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Mostly show Dutch and 'MIA Patch' strategies to show the power, and to know NOT to especially accidentally invoke their forces. Tapered Hinge uses greater sideLean to pull stronger with same hinge (as strip hinge will also try to do, stretching out the harder stretched fibers on the off-side. Dutchmans , also close harder with harder sideLean to invoke the forces, BUT also use the speed of the sudden slap of faces. E=MCsquared (Mass x Speed squared), means the speed is much more potent change input, therefore output. Tapered Hinge is ballast until tearoff but not speed dependent for output, Dutch comes later after speed builds from Zer0. Dutchman can bind to 'overload constitution of tree as a container of forces' to crack etc. or even BC. Tapered much more plottable and friendly, Dutchman much more volatile/risky/deadly, especially in these MASSIVE machine leverages x MASSIVE weights. A Dutchman carries with it, the 'Impact of Change', Tapered was there all the time. Tapered capitalizes on the Natural fiber tension patterns tree uses in daily life, while minimizing hinge strength towards target/as fortifies against side lean, tree doesn't Naturally Dutch, it is a contrivance of ours.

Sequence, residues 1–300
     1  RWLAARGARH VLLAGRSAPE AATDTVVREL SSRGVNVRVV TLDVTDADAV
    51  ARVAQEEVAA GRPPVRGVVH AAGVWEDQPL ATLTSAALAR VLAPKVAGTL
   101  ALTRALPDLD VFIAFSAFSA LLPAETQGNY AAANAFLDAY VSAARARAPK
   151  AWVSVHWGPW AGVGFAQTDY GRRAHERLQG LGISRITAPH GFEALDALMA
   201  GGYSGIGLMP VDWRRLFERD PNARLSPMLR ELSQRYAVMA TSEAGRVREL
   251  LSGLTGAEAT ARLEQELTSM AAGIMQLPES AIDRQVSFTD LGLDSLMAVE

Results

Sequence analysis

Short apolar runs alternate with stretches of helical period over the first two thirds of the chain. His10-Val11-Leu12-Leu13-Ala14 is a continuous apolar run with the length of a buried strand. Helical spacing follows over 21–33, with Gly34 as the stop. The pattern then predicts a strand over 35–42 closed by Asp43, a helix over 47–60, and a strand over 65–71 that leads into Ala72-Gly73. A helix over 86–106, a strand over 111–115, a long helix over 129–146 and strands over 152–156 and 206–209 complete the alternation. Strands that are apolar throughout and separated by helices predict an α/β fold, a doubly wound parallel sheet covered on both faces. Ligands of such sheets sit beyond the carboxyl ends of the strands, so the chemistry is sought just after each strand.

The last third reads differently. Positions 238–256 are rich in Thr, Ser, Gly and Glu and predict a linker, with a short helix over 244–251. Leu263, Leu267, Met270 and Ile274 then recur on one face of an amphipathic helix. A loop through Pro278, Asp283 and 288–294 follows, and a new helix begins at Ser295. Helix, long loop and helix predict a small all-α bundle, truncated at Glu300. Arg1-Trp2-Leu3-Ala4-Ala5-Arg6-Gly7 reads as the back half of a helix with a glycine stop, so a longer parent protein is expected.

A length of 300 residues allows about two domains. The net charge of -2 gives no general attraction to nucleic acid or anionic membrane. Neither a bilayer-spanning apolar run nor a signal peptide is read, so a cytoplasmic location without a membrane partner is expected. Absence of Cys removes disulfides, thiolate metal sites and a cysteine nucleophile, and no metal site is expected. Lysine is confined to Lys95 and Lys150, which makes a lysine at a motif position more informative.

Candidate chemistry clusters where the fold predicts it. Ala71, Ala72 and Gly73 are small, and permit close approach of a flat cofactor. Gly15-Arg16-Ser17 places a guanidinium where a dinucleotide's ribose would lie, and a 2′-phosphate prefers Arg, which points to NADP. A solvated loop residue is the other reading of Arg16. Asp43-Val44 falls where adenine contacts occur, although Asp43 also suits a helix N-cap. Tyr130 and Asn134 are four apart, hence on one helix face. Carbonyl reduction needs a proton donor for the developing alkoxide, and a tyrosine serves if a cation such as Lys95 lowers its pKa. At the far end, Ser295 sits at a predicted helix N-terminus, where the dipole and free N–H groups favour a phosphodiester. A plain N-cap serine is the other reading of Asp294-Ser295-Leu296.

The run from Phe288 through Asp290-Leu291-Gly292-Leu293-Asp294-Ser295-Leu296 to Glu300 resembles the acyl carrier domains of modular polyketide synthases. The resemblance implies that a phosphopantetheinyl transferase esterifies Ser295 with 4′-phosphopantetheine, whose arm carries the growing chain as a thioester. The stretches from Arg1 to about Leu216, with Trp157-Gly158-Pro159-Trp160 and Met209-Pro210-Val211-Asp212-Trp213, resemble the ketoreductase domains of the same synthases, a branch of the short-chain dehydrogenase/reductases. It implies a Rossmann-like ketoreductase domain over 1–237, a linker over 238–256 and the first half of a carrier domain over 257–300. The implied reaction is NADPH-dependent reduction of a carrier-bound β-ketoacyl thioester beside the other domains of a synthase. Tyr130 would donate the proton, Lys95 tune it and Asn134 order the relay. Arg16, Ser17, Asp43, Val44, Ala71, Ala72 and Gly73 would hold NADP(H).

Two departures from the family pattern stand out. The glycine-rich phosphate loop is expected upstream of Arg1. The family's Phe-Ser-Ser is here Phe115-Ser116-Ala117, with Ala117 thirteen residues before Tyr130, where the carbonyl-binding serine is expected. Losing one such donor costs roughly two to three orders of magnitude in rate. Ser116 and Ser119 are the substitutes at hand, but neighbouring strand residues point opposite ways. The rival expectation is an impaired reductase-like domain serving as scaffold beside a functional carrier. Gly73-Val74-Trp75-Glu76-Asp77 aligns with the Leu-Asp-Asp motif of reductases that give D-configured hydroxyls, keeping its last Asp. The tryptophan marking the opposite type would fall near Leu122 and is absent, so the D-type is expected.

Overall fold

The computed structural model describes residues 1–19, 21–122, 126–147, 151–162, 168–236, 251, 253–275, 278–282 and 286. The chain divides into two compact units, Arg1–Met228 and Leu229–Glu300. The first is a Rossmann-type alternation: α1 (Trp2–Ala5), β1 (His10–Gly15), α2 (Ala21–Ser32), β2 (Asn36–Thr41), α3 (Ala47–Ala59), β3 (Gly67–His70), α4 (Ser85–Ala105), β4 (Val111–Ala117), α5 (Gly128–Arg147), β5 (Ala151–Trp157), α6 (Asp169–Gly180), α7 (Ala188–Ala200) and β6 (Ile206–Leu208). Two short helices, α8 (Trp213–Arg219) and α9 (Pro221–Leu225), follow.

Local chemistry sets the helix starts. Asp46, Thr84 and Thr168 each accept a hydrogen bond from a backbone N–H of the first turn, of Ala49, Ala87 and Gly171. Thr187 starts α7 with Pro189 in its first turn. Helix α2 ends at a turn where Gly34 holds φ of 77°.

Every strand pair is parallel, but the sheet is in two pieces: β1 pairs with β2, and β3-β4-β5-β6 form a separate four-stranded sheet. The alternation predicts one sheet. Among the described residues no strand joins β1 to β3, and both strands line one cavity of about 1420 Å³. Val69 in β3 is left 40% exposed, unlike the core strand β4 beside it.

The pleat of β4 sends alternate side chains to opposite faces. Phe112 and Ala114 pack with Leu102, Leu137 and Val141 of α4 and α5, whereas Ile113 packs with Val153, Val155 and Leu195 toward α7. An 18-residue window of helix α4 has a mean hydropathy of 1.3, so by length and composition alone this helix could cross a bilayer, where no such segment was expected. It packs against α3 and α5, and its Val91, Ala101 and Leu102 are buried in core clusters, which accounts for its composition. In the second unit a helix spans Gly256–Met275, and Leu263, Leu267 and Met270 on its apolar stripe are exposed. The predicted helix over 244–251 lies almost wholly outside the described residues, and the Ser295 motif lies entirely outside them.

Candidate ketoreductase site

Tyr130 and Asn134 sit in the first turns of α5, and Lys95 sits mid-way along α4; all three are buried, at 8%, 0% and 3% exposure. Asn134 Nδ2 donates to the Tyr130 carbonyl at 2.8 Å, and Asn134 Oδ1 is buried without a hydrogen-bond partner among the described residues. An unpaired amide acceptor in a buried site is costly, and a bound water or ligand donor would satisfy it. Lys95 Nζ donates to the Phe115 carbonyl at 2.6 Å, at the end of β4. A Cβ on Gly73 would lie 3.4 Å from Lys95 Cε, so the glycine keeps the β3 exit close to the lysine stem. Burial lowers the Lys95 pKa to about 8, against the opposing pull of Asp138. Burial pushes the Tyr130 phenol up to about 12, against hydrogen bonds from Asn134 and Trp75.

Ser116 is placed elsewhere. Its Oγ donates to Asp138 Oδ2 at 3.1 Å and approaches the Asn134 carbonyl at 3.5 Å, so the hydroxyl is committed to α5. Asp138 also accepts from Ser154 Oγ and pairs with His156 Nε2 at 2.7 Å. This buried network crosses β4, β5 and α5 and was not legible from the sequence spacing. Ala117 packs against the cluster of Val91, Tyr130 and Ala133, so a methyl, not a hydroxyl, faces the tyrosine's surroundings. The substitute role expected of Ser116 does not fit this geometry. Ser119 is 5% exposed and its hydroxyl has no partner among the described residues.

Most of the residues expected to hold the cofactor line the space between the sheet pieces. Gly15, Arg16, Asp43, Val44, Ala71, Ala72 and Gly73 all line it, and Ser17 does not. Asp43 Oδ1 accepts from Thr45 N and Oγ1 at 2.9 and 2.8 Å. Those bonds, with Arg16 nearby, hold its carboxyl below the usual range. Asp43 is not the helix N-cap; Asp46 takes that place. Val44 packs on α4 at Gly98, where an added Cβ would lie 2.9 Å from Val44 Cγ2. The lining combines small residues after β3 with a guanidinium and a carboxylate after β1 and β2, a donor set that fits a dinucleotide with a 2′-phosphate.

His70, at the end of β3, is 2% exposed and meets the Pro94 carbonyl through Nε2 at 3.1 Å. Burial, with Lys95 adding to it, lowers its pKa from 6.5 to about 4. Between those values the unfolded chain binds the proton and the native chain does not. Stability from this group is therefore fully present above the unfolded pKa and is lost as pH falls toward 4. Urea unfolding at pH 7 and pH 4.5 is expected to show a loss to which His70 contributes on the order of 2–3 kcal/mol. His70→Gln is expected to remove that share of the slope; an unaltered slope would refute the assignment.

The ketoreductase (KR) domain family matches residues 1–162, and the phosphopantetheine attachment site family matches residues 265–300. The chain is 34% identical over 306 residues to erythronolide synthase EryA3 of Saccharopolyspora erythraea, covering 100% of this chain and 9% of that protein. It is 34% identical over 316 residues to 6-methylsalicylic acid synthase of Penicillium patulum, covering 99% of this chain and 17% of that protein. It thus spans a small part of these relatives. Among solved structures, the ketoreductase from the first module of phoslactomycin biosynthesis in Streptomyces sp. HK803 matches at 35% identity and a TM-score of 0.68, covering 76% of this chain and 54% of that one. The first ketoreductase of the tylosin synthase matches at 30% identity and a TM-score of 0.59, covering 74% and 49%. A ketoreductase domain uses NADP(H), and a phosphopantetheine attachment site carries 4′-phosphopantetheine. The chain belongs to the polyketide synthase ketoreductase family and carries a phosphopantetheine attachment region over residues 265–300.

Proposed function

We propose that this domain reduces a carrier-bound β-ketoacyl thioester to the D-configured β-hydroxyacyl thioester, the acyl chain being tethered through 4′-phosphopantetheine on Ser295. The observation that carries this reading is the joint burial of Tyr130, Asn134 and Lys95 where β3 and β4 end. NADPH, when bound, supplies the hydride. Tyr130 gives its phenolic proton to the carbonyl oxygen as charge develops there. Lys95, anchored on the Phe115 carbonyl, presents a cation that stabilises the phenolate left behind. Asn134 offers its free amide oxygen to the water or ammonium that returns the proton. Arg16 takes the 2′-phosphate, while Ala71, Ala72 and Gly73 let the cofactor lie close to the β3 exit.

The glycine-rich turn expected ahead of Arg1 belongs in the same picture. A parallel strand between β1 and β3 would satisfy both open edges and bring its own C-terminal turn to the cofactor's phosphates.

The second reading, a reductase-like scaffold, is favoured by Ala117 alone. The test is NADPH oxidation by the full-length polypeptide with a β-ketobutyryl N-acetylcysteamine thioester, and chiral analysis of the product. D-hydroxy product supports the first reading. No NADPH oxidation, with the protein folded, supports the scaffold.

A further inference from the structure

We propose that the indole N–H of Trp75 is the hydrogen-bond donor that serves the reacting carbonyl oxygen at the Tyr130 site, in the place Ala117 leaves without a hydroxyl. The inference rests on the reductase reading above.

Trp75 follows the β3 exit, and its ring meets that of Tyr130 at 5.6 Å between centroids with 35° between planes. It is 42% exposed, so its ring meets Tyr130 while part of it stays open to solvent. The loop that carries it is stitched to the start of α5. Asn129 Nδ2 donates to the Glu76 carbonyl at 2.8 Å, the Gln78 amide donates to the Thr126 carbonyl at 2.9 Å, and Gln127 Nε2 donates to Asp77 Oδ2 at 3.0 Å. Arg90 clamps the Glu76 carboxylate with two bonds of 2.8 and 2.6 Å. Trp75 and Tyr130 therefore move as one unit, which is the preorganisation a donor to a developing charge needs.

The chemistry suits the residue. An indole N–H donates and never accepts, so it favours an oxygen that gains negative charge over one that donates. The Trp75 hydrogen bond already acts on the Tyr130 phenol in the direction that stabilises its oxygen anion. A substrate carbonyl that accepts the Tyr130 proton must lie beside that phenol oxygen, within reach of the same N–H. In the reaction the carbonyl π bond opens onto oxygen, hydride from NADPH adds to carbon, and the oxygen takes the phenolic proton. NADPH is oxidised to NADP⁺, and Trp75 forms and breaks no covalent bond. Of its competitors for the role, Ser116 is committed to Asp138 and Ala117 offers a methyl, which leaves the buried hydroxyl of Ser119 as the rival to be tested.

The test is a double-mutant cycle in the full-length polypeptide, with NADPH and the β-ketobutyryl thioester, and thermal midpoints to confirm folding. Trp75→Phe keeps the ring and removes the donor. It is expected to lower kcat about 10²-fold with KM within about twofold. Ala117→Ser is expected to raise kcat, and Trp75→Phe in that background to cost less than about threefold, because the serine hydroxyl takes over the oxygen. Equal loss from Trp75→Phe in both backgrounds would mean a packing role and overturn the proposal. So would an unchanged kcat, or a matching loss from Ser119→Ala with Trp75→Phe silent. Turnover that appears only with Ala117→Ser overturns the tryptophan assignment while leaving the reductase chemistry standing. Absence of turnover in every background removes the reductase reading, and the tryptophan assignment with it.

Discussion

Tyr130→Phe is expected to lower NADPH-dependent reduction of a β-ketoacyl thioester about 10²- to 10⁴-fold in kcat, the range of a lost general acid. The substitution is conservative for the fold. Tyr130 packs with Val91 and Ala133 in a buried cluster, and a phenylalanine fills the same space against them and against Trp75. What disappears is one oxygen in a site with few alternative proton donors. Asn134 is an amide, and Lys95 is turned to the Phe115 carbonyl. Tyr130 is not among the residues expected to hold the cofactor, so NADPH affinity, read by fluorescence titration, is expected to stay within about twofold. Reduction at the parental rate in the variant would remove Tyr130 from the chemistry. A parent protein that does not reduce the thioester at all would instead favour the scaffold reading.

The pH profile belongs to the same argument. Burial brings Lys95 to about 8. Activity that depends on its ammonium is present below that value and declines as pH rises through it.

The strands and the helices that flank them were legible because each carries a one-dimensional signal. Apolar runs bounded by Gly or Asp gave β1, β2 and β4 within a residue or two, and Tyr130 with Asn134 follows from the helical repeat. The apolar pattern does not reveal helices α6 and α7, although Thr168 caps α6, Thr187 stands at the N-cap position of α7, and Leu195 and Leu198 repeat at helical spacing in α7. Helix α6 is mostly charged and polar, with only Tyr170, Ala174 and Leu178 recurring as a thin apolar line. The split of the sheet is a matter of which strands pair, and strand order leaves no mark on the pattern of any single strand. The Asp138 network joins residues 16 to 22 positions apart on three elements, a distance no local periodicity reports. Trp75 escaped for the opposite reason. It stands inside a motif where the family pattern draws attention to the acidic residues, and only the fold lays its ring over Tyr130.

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Daniel

Well-Known Member
The last two posts (before spidy's), #59 and #60, clearly summarize the same arguments that were made in 2004 when TCIA mag published the Artice "Greater Falling Accuracy Using the Tapered Hinge".


Yours truly on the cover... the article starts on page 8.

After it was published, Ken Palmer told me to my face, that his scientists in Germany have "proven" that the tapered hinge doesn't work.

On the other hand one of the readers.. may ave been on this forum commented "why would you write an article on that, you might as well write about where to put the gas and oil in a saw".

It's interesting to see how much change there has been in the world and technology since then, and yet here we are having the same old controversy.

Personally, I have seen the tapered hinge do the following:

1) give seeming amazing control against a heavy side lean (got it on video)
2) give almost no control against a side lean

A) Keep the tree on course with the directional control of the notch (the vast majority of times)
B) Turn the tree to direct the tree to a lay perpendicular to the back cut, which was many degrees off the gun of the notch. This has been rare, seems more prevalent in red maples than other species, but has happened several times (got it on video, though it was technically a swing dutchman and not a tapered hinge in that video)